India Drafts Safe Harbor Policy to Reduce Transfer Pricing Disputes
Aug. 28 – India’s Ministry of Finance has released a draft proposal with new rules governing the safe harbor policy for transfer pricing calculations. The draft proposal aims to simplify and codify the country’s transfer pricing scheme following a record increase in tax and audit disputes last year.
Transfer pricing is used when two affiliated companies exchange goods. It should be calculated using the arms-length principal, which states that the price charged should be equivalent to the price that would be charged by a third-party. Tax authorities pay special attention to transfer pricing as companies may undervalue the exchange of their products in order to avoid a larger tax bill, resulting in burdensome compliance procedures and tax disputes.
Under the safe harbor policy, income tax authorities will accept the transfer prices declared by associated entities operating in different tax jurisdictions.
The reduction of complicated compliance procedures will benefit businesses operating in India and will also benefit the country’s tax authorities, which will use fewer resources on transfer pricing disputes.
“These rules will provide certainty… The idea is to ensure there is less litigation,” commented Revenue Secretary Sumit Bose.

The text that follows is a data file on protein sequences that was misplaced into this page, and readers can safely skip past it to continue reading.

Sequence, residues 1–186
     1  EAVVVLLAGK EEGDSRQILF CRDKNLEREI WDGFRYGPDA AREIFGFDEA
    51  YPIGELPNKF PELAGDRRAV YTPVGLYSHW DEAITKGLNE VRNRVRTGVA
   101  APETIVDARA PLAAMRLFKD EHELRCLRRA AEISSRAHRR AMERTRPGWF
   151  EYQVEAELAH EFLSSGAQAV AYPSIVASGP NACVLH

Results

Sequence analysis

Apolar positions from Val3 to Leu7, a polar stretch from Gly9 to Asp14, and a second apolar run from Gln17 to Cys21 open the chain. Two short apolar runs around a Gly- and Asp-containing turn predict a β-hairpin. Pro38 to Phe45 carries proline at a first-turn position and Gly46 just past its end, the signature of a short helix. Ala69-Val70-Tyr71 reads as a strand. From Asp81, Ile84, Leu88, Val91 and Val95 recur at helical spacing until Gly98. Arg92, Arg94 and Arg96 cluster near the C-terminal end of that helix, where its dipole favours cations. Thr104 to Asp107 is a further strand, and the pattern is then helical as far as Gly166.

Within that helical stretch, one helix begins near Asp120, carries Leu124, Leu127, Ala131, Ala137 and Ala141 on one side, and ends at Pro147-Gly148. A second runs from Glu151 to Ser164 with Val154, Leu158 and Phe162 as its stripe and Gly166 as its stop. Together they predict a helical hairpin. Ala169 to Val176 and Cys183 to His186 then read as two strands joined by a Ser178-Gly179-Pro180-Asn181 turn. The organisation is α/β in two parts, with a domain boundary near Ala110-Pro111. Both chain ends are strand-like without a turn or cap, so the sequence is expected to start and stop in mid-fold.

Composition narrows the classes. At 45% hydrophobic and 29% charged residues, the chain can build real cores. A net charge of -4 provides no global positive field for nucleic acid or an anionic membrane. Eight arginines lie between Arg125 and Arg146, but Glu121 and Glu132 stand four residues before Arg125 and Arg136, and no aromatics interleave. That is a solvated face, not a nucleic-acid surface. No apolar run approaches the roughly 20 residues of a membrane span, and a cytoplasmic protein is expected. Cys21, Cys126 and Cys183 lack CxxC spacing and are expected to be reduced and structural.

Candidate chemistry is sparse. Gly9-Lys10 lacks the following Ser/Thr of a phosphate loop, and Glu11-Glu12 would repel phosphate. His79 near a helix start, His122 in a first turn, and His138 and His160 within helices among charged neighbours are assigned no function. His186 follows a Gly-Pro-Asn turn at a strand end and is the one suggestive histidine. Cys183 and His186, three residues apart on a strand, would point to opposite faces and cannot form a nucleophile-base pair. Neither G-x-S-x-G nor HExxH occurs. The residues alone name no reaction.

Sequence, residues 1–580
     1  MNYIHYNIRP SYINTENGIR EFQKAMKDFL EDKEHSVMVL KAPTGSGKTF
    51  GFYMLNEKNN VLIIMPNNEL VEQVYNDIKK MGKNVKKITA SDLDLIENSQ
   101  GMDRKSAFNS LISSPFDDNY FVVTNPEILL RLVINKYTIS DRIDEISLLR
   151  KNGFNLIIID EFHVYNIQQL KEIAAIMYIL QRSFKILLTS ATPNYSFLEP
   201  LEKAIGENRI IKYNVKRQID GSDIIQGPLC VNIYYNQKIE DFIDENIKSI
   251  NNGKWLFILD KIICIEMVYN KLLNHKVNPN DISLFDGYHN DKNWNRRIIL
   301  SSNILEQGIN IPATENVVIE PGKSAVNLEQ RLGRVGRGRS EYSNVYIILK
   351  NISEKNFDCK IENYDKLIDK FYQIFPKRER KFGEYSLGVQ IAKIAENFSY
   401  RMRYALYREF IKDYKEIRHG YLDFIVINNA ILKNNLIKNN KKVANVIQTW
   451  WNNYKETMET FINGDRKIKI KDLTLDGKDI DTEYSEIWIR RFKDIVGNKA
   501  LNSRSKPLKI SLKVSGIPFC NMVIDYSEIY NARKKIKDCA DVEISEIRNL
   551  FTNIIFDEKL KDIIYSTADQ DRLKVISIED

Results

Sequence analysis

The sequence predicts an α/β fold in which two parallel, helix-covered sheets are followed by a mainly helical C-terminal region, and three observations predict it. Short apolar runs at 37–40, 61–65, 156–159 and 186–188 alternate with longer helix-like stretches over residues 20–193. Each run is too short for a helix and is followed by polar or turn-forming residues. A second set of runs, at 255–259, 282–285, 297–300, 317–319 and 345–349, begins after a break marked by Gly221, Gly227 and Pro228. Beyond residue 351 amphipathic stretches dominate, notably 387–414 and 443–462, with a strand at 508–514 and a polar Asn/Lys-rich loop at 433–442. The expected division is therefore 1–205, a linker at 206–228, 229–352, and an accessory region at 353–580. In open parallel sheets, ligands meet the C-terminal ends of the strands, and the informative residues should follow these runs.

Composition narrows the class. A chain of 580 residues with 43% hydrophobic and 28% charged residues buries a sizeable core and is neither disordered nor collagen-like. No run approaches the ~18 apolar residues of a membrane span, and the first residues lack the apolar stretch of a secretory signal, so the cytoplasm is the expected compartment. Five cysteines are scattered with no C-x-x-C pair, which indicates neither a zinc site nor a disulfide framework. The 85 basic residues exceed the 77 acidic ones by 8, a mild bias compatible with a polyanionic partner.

The draft rules were adapted from the recommendation made by the Rangachary Committee, a four-person panel of government representatives established to address the concerns raised by relevant stakeholders.
Under the new rules, six broad activity categories will be covered under safe harbor status. These are:
- Information Technology (IT)
- IT enabled services
- IT and pharmaceutical contract R&D
- Outbound financial loans
- Financial corporate guarantees
- Auto ancillaries – original equipment manufacturing
In order to utilize safe harbor status, a company’s arms-length transaction must fall under a certain price cap and meet specific criteria unique to the transaction type.
For example, software development and IT services with a total international transaction value of less than Rs 100 crore (US$15.7 million) and an operating profit margin of 20 percent or greater will qualify for safe harbor status. If the international transactions exceed Rs 100 crore or the operating profit margin is less than 20 percent, the company cannot claim safe harbor status and its transfer pricing declarations will be subject to potential review by the tax authorities.
For the full list of price caps and qualifying criteria, please see here.
The draft rules will be in effect for two assessment years starting in the fiscal year 2013-14.
Dezan Shira & Associates is a specialist foreign direct investment practice, providing corporate establishment, business advisory, tax advisory and compliance, accounting, payroll, due diligence and financial review services to multinationals investing in emerging Asia. Since its establishment in 1992, the firm has grown into one of Asia’s most versatile full-service consultancies with operational offices across China, Hong Kong, India, Singapore and Vietnam as well as liaison offices in Italy and the United States.
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